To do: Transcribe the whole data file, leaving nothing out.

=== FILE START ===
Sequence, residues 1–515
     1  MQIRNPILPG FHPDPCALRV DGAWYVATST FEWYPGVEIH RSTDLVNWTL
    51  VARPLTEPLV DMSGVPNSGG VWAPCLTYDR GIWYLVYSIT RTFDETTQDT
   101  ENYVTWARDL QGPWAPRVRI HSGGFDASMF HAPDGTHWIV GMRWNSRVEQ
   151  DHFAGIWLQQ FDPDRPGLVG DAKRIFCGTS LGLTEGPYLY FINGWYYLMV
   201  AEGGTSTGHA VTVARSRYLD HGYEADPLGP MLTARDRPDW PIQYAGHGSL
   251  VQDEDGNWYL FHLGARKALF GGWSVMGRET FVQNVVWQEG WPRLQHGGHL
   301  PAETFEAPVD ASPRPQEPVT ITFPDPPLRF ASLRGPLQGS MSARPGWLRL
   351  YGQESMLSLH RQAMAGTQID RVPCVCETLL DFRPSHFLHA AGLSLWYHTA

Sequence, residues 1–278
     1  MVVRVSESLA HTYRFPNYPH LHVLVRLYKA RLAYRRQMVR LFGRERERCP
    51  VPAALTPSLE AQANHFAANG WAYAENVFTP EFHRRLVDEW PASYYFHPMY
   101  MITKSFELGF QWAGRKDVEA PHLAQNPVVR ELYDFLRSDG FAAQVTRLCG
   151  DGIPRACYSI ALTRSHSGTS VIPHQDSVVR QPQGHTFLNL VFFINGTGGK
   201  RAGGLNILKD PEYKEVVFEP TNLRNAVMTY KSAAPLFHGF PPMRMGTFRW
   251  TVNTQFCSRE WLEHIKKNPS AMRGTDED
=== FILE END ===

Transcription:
Sequence, residues 1–515
     1  MQIRNPILPG FHPDPCALRV DGAWYVATST FEWYPGVEIH RSTDLVNWTL
    51  VARPLTEPLV DMSGVPNSGG VWAPCLTYDR GIWYLVYSIT RTFDETTQDT
   101  ENYVTWARDL QGPWAPRVRI HSGGFDASMF HAPDGTHWIV GMRWNSRVEQ
   151  DHFAGIWLQQ FDPDRPGLVG DAKRIFCGTS LGLTEGPYLY FINGWYYLMV
   201  AEGGTSTGHA VTVARSRYLD HGYEADPLGP MLTARDRPDW PIQYAGHGSL
   251  VQDEDGNWYL FHLGARKALF GGWSVMGRET FVQNVVWQEG WPRLQHGGHL
   301  PAETFEAPVD ASPRPQEPVT ITFPDPPLRF ASLRGPLQGS MSARPGWLRL
   351  YGQESMLSLH RQAMAGTQID RVPCVCETLL DFRPSHFLHA AGLSLWYHTA

Sequence, residues 1–278
     1  MVVRVSESLA HTYRFPNYPH LHVLVRLYKA RLAYRRQMVR LFGRERERCP
    51  VPAALTPSLE AQANHFAANG WAYAENVFTP EFHRRLVDEW PASYYFHPMY
   101  MITKSFELGF QWAGRKDVEA PHLAQNPVVR ELYDFLRSDG FAAQVTRLCG
   151  DGIPRACYSI ALTRSHSGTS VIPHQDSVVR QPQGHTFLNL VFFINGTGGK
   201  RAGGLNILKD PEYKEVVFEP TNLRNAVMTY KSAAPLFHGF PPMRMGTFRW
   251  TVNTQFCSRE WLEHIKKNPS AMRGTDED